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Could ‘Revenge Spending’ Spur a Luxury Rebound Post Virus?

Confinement leads to frustration leads to revenge leads to (potential) salvation.

| By Brice Goulard | 2 min read |

It’s no secret that the current situation with COVID-19 has had dramatic effects on the consumption of luxury goods, including watches. Manufactures are closed (Rolex, Patek, AP, TAG Heuer and many more have ceased operations for a couple of weeks), and even though shops might be opened in certain regions, the mood isn’t ripe for spending USD 10,000 on a luxury watch, simply because no one can predict how the situation will evolve in a couple of weeks from now. The industry has started to suffer from the effects of Coronavirus and a crisis is to be expected. But what if something known as ‘revenge spending’ could be the positive outcome to put some cash back into watch brands’ pockets?

Beijing, China, 10 March 2020 – Chinese women wear protective masks as they walk by a luxury store – Photo by Kevin Frayer/Getty Images

The idea of ‘revenge spending’ isn’t new and was already used to describe the Chinese consumer demand that was unleashed in the 1980s after the chaos and poverty of the Cultural Revolution. Now that the situation seems to be under control in China, a certain (cautious) optimism is seen in major cities and citizens have been spotted walking into luxury stores – and spending! And when you know that China accounts for about a third of the luxury industry’s sales, this isn’t anecdotal. And now that there are “signs that China’s own outbreak is coming under control“, it might be time for revenge spending to rear its head again. And let’s hope that this will be the case in Europe and in the US. Once confinement is over, we’ll need to recover from weeks of frustration and luxury consumption could help. And this could be the salvation for the luxury watch industry.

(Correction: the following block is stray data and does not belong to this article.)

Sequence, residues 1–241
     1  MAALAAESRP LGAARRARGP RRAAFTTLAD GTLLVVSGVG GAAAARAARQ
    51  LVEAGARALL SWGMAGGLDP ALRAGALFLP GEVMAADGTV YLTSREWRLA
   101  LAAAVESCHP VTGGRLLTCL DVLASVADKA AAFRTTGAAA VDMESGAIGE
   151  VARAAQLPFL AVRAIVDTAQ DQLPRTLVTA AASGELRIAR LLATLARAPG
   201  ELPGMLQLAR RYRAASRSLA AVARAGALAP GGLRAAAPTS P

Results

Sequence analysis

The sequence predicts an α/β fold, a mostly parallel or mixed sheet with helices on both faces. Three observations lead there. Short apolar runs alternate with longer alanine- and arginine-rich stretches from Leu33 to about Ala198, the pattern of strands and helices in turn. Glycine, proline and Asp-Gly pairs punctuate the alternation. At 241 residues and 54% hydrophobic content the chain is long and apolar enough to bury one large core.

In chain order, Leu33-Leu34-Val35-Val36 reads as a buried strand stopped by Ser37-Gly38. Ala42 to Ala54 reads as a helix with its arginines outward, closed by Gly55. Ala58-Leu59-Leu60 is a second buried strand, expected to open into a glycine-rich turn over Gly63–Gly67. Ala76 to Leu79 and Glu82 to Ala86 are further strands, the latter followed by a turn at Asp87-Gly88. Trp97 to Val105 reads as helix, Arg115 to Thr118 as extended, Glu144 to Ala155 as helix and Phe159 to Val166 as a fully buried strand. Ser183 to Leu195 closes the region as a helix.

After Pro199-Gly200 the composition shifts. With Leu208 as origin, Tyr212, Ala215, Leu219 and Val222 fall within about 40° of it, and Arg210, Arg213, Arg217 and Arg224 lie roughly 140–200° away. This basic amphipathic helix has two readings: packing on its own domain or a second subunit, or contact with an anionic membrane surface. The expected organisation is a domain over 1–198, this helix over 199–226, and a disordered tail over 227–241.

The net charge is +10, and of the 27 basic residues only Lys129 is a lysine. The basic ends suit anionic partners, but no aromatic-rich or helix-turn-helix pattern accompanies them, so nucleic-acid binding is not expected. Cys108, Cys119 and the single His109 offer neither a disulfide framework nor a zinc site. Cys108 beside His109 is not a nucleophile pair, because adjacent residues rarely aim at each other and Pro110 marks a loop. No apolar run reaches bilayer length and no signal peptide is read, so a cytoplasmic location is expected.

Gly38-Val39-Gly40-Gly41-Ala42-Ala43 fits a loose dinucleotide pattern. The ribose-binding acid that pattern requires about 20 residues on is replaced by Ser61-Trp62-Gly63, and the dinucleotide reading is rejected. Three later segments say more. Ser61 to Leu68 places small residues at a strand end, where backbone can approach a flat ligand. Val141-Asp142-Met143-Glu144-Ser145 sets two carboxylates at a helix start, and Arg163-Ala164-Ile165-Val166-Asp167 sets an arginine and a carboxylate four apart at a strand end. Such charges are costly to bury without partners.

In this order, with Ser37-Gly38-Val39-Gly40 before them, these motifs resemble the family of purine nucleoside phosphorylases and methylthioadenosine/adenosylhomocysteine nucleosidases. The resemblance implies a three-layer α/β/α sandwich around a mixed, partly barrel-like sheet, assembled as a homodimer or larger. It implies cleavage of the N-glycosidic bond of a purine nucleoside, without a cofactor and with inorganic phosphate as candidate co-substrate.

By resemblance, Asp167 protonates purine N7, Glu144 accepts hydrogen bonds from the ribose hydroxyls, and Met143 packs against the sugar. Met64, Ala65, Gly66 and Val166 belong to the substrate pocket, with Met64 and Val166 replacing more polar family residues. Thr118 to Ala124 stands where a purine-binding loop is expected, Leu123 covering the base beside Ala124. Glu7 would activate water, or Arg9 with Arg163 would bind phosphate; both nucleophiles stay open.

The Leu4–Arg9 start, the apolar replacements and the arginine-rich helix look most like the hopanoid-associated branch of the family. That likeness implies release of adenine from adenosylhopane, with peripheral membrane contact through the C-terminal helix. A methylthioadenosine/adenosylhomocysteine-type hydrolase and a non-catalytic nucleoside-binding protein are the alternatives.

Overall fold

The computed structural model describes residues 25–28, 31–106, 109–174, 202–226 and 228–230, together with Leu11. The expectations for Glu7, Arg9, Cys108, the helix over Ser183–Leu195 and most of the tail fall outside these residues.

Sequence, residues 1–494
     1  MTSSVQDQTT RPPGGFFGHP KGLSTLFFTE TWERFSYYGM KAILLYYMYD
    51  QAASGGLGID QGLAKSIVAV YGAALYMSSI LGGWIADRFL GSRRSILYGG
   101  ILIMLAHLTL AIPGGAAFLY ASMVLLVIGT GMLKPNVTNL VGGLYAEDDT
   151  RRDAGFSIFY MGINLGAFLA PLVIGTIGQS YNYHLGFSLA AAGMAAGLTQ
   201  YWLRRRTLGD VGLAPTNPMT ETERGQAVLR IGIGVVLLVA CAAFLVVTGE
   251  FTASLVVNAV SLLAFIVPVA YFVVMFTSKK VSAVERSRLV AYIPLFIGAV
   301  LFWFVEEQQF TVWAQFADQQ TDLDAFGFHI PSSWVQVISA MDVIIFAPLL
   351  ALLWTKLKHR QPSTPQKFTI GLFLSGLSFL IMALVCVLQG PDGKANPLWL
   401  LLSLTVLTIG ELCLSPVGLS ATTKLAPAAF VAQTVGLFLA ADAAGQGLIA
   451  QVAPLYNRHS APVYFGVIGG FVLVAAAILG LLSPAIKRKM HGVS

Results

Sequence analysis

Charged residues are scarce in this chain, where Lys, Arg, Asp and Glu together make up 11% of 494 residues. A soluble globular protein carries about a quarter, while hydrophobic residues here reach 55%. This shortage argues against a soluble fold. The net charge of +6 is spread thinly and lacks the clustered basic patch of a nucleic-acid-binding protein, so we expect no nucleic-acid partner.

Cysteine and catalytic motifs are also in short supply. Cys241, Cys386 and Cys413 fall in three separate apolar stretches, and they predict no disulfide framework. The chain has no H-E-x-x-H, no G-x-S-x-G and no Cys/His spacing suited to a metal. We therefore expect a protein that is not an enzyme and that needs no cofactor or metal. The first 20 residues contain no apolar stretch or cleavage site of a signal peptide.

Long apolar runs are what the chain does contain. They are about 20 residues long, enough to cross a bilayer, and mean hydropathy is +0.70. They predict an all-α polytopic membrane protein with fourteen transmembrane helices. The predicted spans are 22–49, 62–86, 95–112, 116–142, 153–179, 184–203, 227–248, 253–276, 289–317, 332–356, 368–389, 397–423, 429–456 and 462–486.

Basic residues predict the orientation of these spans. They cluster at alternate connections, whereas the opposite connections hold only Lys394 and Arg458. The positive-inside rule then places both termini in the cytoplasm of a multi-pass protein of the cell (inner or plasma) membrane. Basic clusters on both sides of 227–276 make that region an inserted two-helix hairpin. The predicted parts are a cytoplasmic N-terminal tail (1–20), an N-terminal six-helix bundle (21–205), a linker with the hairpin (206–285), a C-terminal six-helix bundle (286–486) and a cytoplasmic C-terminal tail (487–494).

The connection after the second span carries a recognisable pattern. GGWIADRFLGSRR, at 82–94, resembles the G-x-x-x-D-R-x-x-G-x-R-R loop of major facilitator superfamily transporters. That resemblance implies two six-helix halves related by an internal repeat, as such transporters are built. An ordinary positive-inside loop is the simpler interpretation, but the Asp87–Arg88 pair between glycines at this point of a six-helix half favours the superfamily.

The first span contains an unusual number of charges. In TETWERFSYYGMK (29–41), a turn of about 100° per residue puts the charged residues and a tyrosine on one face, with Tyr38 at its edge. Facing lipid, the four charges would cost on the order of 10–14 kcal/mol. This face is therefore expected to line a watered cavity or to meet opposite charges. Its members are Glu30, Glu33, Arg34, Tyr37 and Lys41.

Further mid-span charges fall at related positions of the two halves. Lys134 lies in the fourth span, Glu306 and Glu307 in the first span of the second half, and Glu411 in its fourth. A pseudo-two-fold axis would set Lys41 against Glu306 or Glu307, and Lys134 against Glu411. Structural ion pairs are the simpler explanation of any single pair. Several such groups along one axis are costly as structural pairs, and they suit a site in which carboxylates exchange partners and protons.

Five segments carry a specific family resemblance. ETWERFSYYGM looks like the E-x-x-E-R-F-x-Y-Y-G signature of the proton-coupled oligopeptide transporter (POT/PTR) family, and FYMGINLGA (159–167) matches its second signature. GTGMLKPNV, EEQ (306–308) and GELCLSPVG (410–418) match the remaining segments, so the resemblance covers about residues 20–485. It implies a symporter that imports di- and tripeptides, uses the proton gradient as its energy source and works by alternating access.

Check out the full story on ‘Revenge Spending’ here, at Bloomberg.

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4 responses

  1. The theory is quite sound but I note the photograph at the start shows a Rolex boutique. I very much doubt Rolex will benefit from “Revenge Spending” as there are very few stainless steel sports models available now and probably after the crisis. Of course Rolex might make many such watches available after the crisis which would be confirmation of their deceit as the watches always were available but were being withheld to generate false exclusivity. Rolex might try to cover their deceit by arguing that they used the crisis to stock up on stainless steel sports watches but of course that would be entirely dishonest since Rolex have stopped production. So Rolex has a dilemma – to benefit from any “Revenge Spending” they have to reveal their lies or they will suffer as consumers turn to other brands.

  2. Improper use of “Revenge Spending” for the article.

  3. I hope they crash and burn, the way ADs treat people who are spending big $ and the way the grey market is going is a disaster, let the market regulate and clear up the BS. I’m not shedding a tear or loosing sleep over some ADs and brands going out of business.

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